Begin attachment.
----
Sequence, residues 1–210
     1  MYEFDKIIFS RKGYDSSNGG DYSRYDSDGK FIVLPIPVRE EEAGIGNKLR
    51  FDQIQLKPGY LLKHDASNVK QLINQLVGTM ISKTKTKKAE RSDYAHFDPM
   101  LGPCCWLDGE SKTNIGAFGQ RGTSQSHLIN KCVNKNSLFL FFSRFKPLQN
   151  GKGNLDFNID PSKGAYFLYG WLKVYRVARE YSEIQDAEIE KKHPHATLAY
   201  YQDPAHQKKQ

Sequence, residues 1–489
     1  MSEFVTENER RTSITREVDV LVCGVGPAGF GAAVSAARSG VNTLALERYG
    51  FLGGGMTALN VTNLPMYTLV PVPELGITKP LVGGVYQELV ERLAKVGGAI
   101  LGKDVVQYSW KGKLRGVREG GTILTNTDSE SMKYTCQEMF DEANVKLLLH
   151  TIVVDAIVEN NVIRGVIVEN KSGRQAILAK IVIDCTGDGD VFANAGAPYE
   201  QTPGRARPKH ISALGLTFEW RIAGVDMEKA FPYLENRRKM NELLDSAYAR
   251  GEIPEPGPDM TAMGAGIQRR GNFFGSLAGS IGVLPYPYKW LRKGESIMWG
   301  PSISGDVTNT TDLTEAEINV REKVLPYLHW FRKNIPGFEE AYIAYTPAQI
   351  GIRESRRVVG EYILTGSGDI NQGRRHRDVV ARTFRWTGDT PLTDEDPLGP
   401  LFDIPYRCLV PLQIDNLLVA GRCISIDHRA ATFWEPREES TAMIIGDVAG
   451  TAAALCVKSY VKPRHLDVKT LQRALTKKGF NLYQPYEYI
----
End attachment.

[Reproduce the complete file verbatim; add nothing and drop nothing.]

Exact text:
Sequence, residues 1–210
     1  MYEFDKIIFS RKGYDSSNGG DYSRYDSDGK FIVLPIPVRE EEAGIGNKLR
    51  FDQIQLKPGY LLKHDASNVK QLINQLVGTM ISKTKTKKAE RSDYAHFDPM
   101  LGPCCWLDGE SKTNIGAFGQ RGTSQSHLIN KCVNKNSLFL FFSRFKPLQN
   151  GKGNLDFNID PSKGAYFLYG WLKVYRVARE YSEIQDAEIE KKHPHATLAY
   201  YQDPAHQKKQ

Sequence, residues 1–489
     1  MSEFVTENER RTSITREVDV LVCGVGPAGF GAAVSAARSG VNTLALERYG
    51  FLGGGMTALN VTNLPMYTLV PVPELGITKP LVGGVYQELV ERLAKVGGAI
   101  LGKDVVQYSW KGKLRGVREG GTILTNTDSE SMKYTCQEMF DEANVKLLLH
   151  TIVVDAIVEN NVIRGVIVEN KSGRQAILAK IVIDCTGDGD VFANAGAPYE
   201  QTPGRARPKH ISALGLTFEW RIAGVDMEKA FPYLENRRKM NELLDSAYAR
   251  GEIPEPGPDM TAMGAGIQRR GNFFGSLAGS IGVLPYPYKW LRKGESIMWG
   301  PSISGDVTNT TDLTEAEINV REKVLPYLHW FRKNIPGFEE AYIAYTPAQI
   351  GIRESRRVVG EYILTGSGDI NQGRRHRDVV ARTFRWTGDT PLTDEDPLGP
   401  LFDIPYRCLV PLQIDNLLVA GRCISIDHRA ATFWEPREES TAMIIGDVAG
   451  TAAALCVKSY VKPRHLDVKT LQRALTKKGF NLYQPYEYI